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Code Red: My three minutes of school lockdown

CELIA KRAMPIEN/The Globe and Mail

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I'm not thinking of school shootings as my husband, Josh, and I walk our kids to school. I'm just reminding myself to buy bananas and some fun napkins for tonight's dinner party. But first I have my volunteer shift reading with the Grade 2s.

Josh and our daughter, Rose, head to her kindergarten class. While I remind our son, Jake, to give his Grade 1 teacher his skating permission slip, the secretary announces there will be a Code Red drill today. Had I been listening, I would have felt reassured that the school is preparing for a crisis of that magnitude. But I am not listening.

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I kiss Jake goodbye and march straight to the resource room for my reading shift. It's 9:10 a.m.

I check my roster for the day: Theresa, Andrew and Lenny, our seven-year-old neighbour and friend.

I read alone with each child, starting with Theresa, a new arrival to Canada. She learns the words "slide" and "swings." I have trouble conversing with Andrew, a sweet ESL student from China, but his reading is surprisingly decent.

Then it's Lenny's turn. Lenny and I are halfway through Spider-Man – The Amazing Story when, without fanfare, the principal announces, "The school is in Code Red. This is a Code Red school lockdown." It's 10:16 a.m.

My brain tells me this cannot possibly be true but I have to look at the facts:

1) The principal has announced a Code Red school lockdown.

2) Principals don't joke about Code Reds.

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This is real.

Two years ago, Yvonne, the volunteer co-ordinator, briefed me on Code Reds. "If the principal announces a Code Red, it means there is an imminent safety threat inside the school. Lock the door, turn off the lights and hide with the children," she said.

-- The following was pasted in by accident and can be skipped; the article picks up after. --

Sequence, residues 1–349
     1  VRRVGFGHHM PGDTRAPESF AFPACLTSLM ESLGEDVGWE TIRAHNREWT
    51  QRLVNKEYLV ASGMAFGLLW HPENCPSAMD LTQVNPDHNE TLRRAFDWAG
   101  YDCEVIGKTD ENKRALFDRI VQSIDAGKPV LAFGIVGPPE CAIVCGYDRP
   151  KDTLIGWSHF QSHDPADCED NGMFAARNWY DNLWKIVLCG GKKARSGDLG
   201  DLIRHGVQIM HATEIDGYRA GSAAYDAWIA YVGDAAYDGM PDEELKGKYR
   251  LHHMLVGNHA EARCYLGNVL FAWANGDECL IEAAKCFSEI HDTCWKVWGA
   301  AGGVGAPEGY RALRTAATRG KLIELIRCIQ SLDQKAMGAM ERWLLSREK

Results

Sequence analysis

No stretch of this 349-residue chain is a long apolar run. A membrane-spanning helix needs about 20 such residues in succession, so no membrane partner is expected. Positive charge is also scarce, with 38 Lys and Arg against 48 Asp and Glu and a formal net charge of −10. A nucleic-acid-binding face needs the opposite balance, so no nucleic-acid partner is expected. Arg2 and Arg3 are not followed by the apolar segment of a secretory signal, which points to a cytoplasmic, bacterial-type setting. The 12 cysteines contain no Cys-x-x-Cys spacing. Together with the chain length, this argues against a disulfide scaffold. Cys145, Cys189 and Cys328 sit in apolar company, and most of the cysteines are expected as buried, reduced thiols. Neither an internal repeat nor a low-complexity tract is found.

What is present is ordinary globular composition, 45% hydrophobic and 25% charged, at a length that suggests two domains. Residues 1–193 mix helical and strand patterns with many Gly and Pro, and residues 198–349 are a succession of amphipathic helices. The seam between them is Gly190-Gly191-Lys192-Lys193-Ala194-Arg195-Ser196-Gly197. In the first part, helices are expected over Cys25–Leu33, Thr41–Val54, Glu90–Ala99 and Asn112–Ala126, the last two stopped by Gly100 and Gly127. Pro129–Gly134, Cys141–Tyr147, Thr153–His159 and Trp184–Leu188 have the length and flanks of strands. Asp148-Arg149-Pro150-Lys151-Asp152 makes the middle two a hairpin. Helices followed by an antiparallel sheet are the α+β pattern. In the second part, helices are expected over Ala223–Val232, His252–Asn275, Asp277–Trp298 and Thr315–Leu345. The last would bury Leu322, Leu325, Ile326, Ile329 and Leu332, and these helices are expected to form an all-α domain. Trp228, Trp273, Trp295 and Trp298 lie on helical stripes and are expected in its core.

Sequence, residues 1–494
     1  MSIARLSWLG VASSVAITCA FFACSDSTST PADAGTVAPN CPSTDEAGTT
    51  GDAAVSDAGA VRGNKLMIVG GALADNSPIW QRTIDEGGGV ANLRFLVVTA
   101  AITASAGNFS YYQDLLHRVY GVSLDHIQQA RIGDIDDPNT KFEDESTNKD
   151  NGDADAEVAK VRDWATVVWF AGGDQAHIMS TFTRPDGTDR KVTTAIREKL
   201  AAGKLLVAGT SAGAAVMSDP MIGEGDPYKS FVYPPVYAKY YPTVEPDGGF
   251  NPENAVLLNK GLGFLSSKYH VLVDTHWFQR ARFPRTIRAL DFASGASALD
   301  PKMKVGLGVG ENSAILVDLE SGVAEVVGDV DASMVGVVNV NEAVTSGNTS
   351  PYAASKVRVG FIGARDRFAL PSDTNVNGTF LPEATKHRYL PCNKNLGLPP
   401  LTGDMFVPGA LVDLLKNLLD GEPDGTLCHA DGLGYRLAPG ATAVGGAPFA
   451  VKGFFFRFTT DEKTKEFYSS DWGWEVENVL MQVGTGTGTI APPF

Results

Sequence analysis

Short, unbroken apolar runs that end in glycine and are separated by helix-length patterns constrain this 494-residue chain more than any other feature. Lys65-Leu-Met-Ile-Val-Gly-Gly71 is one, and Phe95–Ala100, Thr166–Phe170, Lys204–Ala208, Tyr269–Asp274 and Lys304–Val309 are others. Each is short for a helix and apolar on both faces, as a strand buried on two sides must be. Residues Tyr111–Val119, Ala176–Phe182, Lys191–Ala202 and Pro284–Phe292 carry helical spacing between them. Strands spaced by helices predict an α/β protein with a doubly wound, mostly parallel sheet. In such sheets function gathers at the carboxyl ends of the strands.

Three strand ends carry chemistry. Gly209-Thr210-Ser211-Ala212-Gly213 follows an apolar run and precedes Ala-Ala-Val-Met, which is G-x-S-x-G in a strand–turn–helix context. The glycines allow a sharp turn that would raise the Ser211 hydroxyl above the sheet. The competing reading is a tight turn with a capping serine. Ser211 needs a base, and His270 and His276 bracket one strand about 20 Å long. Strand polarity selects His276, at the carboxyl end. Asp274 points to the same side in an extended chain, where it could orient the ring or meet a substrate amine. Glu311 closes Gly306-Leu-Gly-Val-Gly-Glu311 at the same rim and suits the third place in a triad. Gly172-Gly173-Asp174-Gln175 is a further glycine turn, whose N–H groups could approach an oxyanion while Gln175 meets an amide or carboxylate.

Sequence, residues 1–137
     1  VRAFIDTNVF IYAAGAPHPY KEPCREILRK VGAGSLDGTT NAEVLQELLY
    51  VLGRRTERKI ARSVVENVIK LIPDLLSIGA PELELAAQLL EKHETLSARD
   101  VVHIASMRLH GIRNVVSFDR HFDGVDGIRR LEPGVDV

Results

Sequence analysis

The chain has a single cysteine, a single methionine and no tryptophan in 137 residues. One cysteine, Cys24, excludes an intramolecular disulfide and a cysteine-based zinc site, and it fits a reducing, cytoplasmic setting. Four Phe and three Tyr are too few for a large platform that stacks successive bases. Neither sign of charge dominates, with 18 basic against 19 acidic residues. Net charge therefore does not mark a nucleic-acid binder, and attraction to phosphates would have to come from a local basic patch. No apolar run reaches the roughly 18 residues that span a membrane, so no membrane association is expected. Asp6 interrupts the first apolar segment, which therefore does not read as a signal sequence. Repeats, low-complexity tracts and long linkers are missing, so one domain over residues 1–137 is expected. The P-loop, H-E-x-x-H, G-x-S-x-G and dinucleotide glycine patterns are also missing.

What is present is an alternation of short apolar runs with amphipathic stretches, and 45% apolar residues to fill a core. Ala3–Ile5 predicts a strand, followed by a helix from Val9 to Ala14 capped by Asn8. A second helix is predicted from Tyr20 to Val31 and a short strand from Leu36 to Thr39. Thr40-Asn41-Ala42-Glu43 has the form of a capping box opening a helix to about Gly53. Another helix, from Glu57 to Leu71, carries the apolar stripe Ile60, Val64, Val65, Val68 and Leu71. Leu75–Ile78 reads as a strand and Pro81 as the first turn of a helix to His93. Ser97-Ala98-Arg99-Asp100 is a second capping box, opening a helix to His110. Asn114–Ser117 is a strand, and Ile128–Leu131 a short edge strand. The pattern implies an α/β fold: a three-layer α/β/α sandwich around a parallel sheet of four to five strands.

I walk to our classroom door, kick the door jamb up and close the door. There is no lock. I turn off the lights. "Okay, Lenny, this is going to be a bit weird but we're going to hide," I say.

Lenny, whose impish eyes are always smiling, complies easily. I direct him to an opening between two bookcases and right behind the door frame leading into our room. He crouches close to the wall beside me. The "killer" will only see us if he comes right into our room, in which case I will fight him to the death.

We wait in silence. I am on the school's third floor. Rose is on the second floor. Jake is on the ground floor. I need to let Josh, working from home one block away, know what's happening.

With wild eyes (I'm guessing – only Lenny knows for sure) and shaking fingers, I send Josh four texts: Code red at school. Call 911. In lockdown with Lenny in classroom. Love you. It's 10:17 a.m.

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I worry that I am freaking Lenny out.

"Are you excited about Santa Claus coming?" I whisper. "Would you like to play hockey with us during the Christmas holidays?" I don't really listen to either answer.

No reply from Josh yet. I set my phone to vibrate. The school is still silent. We wait.

The principal's voice comes on the loudspeaker again. "The school is in Code Green," she says. Thank God. My beautiful, comforting routine, and life, continue rolling along.

I text Josh, "All good now." It's 10:19 a.m. In only three minutes, my imagination went on quite a trip.

"I have to call Josh," I say. My poor husband … if he even got my texts.

"Hi, it's me," I say. "It's Code Green. Everything's fine."

"It was a drill!" he tells me.

"It was a drill?!" I ask, incredulous.

"It was a drill," Lenny adds.

"You knew it was a drill?!!!!!" I bark at Lenny.

"Where are you?" I ask Josh.

"I'm walking home from the school."

"What happened?" I ask.

"I ran to the school and it was dead quiet. I sneaked in and saw the janitor strolling down the hallway. I waved him over and whispered, 'Is it in lockdown?'" he recounts. "He said, 'It's a drill.' I said, 'I don't think so. I just got a text from my wife …' He laughed and assured me it's a drill."

"Oh boy … Did you call 911?" I sheepishly ask. He didn't.

"Why not?" I ask, relieved though slightly offended that he didn't call. I wonder if he took it seriously.

"Are you kidding me? When I got the texts, I grabbed my phone and ran to the school. I thought about getting our baseball bat but I didn't have time. What if there was a shooter? I am the first responder!"

I am shocked by his intense response. But I consider the facts he faced: "Code Red at school." The school every member of his family was in. "Call 911".

The embarrassment I feel for not knowing this was a drill is matched only by the love I feel from his reaction. For an agonizing 180 seconds, we were alone in this together. Isolated, but completely united. Me and him against an imagined grim reaper.

I feel part fool, part heroine, praying for a Code Green world.

The names of students have been changed.

Diana Sarkis lives in Vancouver.

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